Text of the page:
Petersburg officials are supporting a proposed ferry from Coffman Cove on Prince of Wales Island that could connect to the southern end of Mitkof Island south of Petersburg.
The independent ferry service has been in the planning stages for years but could start up in 2015. The ferry authority wants to use the boat launch ramp at Banana Point to load and unload passengers and vehicles.
The Coffman Cove-based North End Ferry Authority had hoped to have the Rainforest Islands Ferry up and running in 2012, then in 2013, but it has hit delays. Originally the authority purchased a 160-foot oil rig supply vessel, using about $2 million of a $3 million loan from the U.S. Department of Agriculture’s Rural Development Program.
“When we got bids for its overhaul and refit they were too high for us to incorporate in the present financing and we couldn’t get additional financing,” the authority’s manager Kent Miller, told Petersburg’s borough assemmbly. “So we sold that boat and found that we could make a purchase and sale offer for this smaller boat and we’re still working with USDA under the original financing have sufficient capital to put this boat into service.”
The smaller vessel is a nearly 65-foot landing craft called the Silver Eagle, currently in Wrangell. Miller told the Petersburg borough assembly that the vessel would make four day a week connections between Coffman Cove, Wrangell and the southern end of Mitkof Island.
The authority wants to use the state’s mothballed South Mitkof Ferry Terminal, 25 miles south of Petersburg. That facility was completed in 2006 at a price tag of over 10 million dollars. It was first used by the Inter-Island Ferry Authority, or IFA, an independent authority that offered trips to Wrangell and Coffman Cove. That route was suspended in 2009 and it hasn’t been used since.
Miller said using South Mitkof would require converting the docking area for the authority’s front end loading landing craft. He noted the state wants to see the independent authority operate before committing to something like that.
“They’d like to see how we do, however and I guess I can’t blame them for that. After all IFA couldn’t continue its service. We’ve made some very important changes that we expect to enable us to continue this service. But, nevertheless skepticism is healthy.
Among those changes, Miller said are a smaller ferry, which will burn less fuel and require a smaller crew. And until the state agrees to the changes at South Mitkof, the authority hopes to use a boat launch ramp at Banana Point for loading and unloading. He asked the borough assembly to support that request to the state.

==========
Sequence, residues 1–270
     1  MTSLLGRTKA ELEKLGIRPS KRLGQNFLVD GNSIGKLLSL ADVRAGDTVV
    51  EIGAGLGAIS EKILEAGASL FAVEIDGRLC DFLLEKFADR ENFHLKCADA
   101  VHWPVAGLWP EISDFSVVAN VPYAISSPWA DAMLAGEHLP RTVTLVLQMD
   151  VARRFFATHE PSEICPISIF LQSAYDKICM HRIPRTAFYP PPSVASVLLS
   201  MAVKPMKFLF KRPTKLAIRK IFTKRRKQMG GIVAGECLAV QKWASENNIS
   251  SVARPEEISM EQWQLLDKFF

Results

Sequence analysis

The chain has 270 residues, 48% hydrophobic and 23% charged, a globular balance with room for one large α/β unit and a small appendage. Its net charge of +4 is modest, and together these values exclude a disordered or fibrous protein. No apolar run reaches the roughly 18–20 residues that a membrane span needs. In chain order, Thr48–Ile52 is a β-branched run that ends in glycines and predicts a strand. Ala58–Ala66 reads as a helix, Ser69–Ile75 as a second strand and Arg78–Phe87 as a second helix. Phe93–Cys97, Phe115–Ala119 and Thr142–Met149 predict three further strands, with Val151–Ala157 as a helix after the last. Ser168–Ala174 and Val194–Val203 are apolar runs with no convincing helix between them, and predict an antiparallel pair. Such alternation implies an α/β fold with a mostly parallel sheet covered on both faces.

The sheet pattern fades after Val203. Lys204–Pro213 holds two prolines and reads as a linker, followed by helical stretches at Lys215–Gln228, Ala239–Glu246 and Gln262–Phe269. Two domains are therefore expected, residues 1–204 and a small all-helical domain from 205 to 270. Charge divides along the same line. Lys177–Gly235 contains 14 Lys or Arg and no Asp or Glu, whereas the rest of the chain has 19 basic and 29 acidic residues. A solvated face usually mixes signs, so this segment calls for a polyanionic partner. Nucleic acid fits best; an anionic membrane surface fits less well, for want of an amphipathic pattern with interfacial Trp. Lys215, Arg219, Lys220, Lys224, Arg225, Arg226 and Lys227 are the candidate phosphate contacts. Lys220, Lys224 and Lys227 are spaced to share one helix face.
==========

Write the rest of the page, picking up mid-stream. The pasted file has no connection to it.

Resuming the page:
“I know that any intrusion on a facility like Banana Point, which is one valuable facility for use by recreational boaters and others is always a sensitive issue and one has to be concerned that the uses are compatible.”
Miller thought the uses of the launch ramp were compatible. He noted the landing craft would be loading and unloading passengers and vehicles four days a week on Sunday, Tuesday, Wednesday and Friday. He thought the ramp would be tied up for a half hour on those days, just before 2 in the afternoon.
Assembly member Bob Lynn wondered about conflicts with other boat ramp users.
“I’m hearing from users out there the concern that there’s only limited amount of parking space there available. The question rises then if we bring the additional traffic, I don’t know if we’re gonna double it, I’ve heard all kinds of figures but the concern from the users out there is even if you’re there for only a two hour period then obviously you take precedence, they’re trying to get in and out, how do you propose or what’s your though process to work out those, what I’ll call, conundrums where we have a conflict of interest here?”
The ferry authority’s Miller thought there would be enough parking for ferry customers and boat ramp users. The Rainforest ferry has capacity for 28 passengers and seven cars. Miller project the service will ferry 6,000 passengers a year and 2,000 vehicles over 200 days a year.
Other concerns focused on trash collection and other maintenance at the Banana Point site but Miller thought the ferry authority could work with the borough to pay for those increased costs.
The authority also plans to provide van service from Banana Point to Petersburg and also from Coffman Cove to other Prince of Wales communities.
Assembly member John Havrilek voiced his support for the new service.
“The long range state plan for the area focuses on roads so it must have been written by someone from Iowa because it pretty much de-emphasizes ferries at all, which doesn’t make sense for an island. Your service may be the only thing we ever have. So I’m glad to see you stepping up and moving in there.”
Havrilek thought the service would benefit school sports teams traveling between the communities.
Petersburg’s assembly voted to support the ferry authority’s request to the state’s Department of Natural Resources to use the Banana Point boat ramp. If all goes as planned, the new service could start up next April.